Yet the total cost of constructing the Lower Eastside Girls Club is $20 million from the ground up, and it sits on four vacant city-owned lots that could accommodate “several hundred girls.”

According to New York City Housing Authority, Bernard Baruch Houses has 1,800 kids that could potentially be served by the restoration of this bathhouse. Bernard Baruch Houses also has the highest crime rate of any NYCHA development within Police Service Area 4. In the case of the bathhouse, this building is not gender exclusive.

Do you honestly think that it would cost $30 million  to $40 million to restore a building that sits on two city-owned lots that could serve 1,800 kids? Do the math, Mendez: $20 million, new construction on four vacant lots and serving several hundred girls.

What is the real reason why Mendez refuses to restore this bathhouse to its original glory and provide a safe haven to these low-income kids? 
Roberto Caballero

Disabled will feel B39 cut

To The Editor:
I am a physically disabled wheelchair user residing in Williamsburg, Brooklyn.

On June 27, the M.T.A. will eliminate the B39 bus route, which travels over the Williamsburg Bridge from Williamsburg to the Lower East Side. The B39 is the only interborough bus that operates 24 hours per day and on the weekend. The M.T.A. is advising people to use the M, J and Z subway lines to get over the Williamsburg Bridge. The M, J and Z lines make no stops in Manhattan at wheelchair-accessible stations! The B39 route is heavily utilized by wheelchair users.

Wheelchair users will have no choice but to use Access-A-Ride to get to and from Manhattan. Yet the M.T.A. wants to make cuts to Access-A-Ride because the agency claims the program is too expensive. 

Even those subway stations that are deemed wheelchair accessible are not at all user-friendly. Very few wheelchair users utilize the subway system, because it is not safe.

What are wheelchair users supposed to do?

Just because someone is physically disabled doesn’t mean he or she should sit home and die.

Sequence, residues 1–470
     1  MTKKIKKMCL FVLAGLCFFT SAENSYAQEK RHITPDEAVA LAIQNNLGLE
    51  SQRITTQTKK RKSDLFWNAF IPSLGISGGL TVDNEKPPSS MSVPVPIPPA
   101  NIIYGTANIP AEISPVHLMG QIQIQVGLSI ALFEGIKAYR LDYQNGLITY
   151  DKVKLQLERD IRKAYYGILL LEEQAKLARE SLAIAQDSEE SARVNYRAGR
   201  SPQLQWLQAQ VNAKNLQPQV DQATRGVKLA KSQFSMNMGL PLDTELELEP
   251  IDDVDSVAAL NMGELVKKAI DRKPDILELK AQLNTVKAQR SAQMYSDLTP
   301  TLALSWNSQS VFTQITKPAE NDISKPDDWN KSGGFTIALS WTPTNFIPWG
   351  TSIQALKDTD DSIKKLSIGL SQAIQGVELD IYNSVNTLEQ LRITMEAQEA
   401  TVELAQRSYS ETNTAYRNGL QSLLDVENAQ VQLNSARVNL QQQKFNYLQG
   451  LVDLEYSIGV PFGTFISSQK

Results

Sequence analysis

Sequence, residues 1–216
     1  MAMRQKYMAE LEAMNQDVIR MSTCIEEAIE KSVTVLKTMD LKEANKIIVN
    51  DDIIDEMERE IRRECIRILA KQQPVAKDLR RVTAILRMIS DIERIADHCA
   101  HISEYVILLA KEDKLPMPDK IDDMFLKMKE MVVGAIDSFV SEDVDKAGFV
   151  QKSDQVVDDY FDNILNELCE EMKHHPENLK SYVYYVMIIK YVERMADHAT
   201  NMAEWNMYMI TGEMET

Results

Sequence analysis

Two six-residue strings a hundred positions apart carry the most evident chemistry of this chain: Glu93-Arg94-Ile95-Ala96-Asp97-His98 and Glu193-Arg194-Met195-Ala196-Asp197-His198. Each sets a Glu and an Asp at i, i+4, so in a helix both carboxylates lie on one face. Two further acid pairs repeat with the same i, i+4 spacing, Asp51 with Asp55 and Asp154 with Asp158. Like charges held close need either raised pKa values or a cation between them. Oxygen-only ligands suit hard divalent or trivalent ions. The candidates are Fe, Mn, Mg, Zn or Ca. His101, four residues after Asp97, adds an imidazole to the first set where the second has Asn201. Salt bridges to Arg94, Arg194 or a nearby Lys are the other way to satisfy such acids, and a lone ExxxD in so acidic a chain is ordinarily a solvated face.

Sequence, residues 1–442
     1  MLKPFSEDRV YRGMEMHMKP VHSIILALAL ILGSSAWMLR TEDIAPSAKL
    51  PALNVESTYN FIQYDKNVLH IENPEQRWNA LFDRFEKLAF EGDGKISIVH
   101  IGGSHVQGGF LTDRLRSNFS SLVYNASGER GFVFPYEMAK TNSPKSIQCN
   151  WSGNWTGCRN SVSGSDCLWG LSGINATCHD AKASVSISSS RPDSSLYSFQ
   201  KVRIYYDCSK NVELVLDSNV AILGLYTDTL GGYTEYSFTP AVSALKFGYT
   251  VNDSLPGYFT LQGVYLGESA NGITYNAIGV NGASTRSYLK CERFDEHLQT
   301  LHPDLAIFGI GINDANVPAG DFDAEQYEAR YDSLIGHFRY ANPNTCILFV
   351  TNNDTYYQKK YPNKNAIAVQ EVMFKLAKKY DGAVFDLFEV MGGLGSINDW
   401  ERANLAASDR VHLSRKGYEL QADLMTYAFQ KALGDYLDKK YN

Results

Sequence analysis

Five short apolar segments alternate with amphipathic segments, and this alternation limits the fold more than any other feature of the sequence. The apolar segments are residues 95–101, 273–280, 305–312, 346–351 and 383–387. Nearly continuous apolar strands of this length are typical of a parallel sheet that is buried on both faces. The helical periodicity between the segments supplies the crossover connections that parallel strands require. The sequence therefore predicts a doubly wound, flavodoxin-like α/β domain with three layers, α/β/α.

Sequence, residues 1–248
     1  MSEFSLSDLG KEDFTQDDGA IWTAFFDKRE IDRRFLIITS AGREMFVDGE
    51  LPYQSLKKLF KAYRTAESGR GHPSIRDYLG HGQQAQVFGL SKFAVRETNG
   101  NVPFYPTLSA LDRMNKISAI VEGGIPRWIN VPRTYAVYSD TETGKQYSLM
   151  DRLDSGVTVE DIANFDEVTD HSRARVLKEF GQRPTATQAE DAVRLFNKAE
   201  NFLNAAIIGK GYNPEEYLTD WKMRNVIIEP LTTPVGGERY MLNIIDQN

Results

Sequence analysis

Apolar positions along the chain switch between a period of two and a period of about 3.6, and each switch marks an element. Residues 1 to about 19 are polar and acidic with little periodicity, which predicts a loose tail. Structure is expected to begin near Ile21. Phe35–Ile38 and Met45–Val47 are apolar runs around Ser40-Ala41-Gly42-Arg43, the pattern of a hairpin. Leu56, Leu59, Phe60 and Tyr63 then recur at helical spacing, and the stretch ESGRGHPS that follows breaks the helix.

Anthony Trocchia

Nightmare at Simone

To The Editor: 
A friend and I went for dinner in what used to be a quiet little neighborhood place, Simone espresso and wine bar, at First Ave. and St. Mark’s Place.

We ordered tomato ginger soup, and my friend a glass of white wine. We ordered a sandwich to share.

After about 20 minutes the lights dimmed and the (what they called) music became very loud. So loud that we could not talk. I walked over to the empty bar and asked that the volume be lowered. It was — for perhaps two minutes — and then it blared. Again I walked to the bar and asked that the sound be lowered since we could not hear each other talk. When nothing happened, I asked that the sandwich be cancelled and to be given a check.

A few minutes later, the sandwich was brought to the table and for about 20 seconds the sound was reduced. Just enough time for us to take a bite before the sound was raised to an unacceptable level. 

What could one do? I asked for the check and told them they could keep the sandwich since we could not stay.

We were given the check and charged for the canceled sandwich. When we refused to pay for the sandwich the police were called.

The police suggested we pay the bill and take Simone to small claims court. I paid with a credit card and when I got home I called to cancel the disputed amount of the charge. I was informed that two charges had been placed on my card, neither one for the amount of the slip I received when I signed the disputed charge. 
Susan Leelike 

E-mail letters, not longer than 250 words in length, to news@thevillager.com or fax to 212-229-2790 or mail to The Villager, Letters to the Editor, 145 Sixth Ave., ground floor, NY, NY 10013. Please include phone number for confirmation purposes. The Villager reserves the right to edit letters for space, grammar, clarity and libel. The Villager does not publish anonymous letters.